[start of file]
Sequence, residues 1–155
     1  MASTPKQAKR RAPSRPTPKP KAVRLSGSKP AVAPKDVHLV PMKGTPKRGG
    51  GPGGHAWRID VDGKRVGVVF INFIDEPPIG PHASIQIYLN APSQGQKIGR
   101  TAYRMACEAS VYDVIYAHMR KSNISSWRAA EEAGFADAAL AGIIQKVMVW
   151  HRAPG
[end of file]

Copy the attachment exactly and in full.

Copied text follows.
Sequence, residues 1–155
     1  MASTPKQAKR RAPSRPTPKP KAVRLSGSKP AVAPKDVHLV PMKGTPKRGG
    51  GPGGHAWRID VDGKRVGVVF INFIDEPPIG PHASIQIYLN APSQGQKIGR
   101  TAYRMACEAS VYDVIYAHMR KSNISSWRAA EEAGFADAAL AGIIQKVMVW
   151  HRAPG